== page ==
There have been numerous controversies in R&R strategy, including irregularities in allocation, poor quality of resettlement buildings, inadequate water supply (water available for no more than 15-20 minutes a day), little waste management provision, lack of consultation with PAHs and sites chosen to suit developers (due to TDR mechanism)6, mosquitoes, lack of services, unpaid electricity bills prior to resettlement, resulting in non-functioning elevators in high rise blocks, poor quality of construction (30-40% of interviewees complained of leaks), and lack of street lighting.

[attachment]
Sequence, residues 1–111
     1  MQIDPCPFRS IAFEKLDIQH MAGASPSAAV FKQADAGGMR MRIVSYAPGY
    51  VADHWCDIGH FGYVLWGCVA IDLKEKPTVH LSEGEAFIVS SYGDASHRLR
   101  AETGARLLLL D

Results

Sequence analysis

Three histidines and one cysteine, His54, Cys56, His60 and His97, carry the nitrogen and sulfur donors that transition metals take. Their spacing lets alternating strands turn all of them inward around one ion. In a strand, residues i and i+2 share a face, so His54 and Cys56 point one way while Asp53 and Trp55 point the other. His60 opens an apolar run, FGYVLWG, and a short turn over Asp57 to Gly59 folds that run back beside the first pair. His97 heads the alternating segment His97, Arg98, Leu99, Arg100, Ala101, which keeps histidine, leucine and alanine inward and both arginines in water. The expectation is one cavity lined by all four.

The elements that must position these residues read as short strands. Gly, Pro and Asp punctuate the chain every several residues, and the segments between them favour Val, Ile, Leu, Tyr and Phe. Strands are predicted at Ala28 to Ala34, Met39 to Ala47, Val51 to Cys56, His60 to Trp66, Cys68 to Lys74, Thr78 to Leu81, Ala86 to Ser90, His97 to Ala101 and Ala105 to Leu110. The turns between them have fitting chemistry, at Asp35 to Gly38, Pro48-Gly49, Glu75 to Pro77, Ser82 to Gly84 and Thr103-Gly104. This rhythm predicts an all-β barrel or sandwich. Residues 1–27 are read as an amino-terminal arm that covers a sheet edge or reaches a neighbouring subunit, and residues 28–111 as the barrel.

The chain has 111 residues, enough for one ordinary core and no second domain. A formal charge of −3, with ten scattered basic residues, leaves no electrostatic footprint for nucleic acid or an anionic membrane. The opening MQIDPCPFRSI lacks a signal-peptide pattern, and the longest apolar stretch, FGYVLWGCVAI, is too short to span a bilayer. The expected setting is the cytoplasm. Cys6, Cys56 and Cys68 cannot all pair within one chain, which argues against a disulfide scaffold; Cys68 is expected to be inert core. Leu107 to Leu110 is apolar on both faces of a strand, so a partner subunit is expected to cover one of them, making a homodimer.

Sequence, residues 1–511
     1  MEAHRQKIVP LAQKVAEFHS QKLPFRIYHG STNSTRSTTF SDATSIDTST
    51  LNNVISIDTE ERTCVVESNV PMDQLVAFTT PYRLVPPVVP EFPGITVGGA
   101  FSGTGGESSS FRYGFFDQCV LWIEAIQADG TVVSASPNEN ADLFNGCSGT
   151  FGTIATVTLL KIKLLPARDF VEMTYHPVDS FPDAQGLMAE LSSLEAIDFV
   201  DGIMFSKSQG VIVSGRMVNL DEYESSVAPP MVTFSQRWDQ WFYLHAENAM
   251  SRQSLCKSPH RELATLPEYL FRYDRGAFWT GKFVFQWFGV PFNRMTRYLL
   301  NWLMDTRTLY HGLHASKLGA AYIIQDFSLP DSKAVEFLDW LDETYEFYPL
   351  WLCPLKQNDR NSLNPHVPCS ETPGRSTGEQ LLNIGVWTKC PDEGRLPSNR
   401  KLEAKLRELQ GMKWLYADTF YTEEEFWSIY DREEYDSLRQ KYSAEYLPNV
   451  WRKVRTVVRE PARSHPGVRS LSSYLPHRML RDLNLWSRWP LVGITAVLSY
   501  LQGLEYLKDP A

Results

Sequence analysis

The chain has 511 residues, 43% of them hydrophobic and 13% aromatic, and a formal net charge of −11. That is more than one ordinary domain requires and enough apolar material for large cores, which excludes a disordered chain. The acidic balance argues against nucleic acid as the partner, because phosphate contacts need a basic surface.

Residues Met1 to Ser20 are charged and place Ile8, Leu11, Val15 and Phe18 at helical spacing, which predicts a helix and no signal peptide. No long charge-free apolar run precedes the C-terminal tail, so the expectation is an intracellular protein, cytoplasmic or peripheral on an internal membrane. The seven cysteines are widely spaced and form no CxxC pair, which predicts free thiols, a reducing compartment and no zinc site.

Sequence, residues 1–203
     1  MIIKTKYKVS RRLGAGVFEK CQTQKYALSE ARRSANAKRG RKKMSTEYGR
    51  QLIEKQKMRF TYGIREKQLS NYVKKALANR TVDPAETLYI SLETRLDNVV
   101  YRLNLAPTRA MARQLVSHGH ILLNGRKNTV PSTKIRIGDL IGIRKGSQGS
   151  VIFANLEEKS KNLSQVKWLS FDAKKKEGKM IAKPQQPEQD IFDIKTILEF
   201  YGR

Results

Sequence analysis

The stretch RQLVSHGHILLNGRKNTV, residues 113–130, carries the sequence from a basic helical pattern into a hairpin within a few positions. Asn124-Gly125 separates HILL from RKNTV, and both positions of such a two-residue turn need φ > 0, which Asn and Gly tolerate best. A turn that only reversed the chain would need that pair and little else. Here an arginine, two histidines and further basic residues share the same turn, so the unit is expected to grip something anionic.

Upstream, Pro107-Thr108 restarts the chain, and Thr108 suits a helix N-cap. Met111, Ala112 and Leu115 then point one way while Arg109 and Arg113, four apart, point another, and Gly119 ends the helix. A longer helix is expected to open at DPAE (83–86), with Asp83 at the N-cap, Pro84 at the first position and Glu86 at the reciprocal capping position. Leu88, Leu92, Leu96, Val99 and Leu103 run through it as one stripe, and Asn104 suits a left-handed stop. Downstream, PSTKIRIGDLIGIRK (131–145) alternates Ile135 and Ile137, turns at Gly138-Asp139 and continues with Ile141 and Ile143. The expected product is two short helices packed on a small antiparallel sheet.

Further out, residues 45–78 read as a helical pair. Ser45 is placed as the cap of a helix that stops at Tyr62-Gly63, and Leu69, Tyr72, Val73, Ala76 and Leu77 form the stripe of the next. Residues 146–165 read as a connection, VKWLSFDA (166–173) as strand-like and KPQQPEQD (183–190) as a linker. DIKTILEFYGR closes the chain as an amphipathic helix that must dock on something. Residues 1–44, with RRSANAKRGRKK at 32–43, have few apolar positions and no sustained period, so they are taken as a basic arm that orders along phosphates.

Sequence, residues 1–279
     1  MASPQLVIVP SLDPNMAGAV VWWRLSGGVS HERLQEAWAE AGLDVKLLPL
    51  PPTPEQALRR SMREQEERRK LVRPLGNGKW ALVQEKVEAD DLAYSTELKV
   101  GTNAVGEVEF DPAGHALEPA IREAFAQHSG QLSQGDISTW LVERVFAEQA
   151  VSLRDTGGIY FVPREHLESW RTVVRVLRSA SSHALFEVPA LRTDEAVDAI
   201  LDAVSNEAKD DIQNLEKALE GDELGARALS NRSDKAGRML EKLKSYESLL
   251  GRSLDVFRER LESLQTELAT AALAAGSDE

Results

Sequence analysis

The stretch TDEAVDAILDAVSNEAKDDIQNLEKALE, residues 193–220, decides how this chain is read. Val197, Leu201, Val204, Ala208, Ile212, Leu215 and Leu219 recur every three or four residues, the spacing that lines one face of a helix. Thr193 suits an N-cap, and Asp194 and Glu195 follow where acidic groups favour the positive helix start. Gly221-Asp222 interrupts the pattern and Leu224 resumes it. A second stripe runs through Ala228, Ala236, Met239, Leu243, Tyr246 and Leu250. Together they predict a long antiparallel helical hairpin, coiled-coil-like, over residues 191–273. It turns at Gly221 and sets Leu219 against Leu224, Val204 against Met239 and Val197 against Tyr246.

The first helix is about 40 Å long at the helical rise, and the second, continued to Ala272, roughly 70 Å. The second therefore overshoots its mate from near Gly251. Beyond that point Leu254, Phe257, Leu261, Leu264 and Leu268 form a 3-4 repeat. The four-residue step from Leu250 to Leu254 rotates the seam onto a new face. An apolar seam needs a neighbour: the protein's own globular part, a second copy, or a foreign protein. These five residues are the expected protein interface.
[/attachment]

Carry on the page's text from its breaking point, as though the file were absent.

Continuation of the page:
In 2004 the United Shop Owners Association which gathered people displaced by the MUTP, filed a complaint to the Bank’s Independent Inspection Panel claiming that the involuntary resettlement associated with the MUTP would adversely affect their rights and interests, that their right to participation and consultation were neglected, and that, contrary to the Bank’s policy that states “Displaced persons should be assisted in their efforts to improve their livelihood and standard of living or at least to restore them in real terms to pre-displacement levels or to levels prevailing prior to the beginning of project implementation”, the proposed resettlement would in fact “destroy our livelihoods, causing us to dismantle our productive sources and cause our supporting networks and kin groups to disperse” (USOA 2004). Funding to the project was halted briefly, and the Panel found that complaints by shopkeepers were justified, that WB safeguards on involuntary resettlement had been violated, leading to loss of livelihoods and harm to the displaced.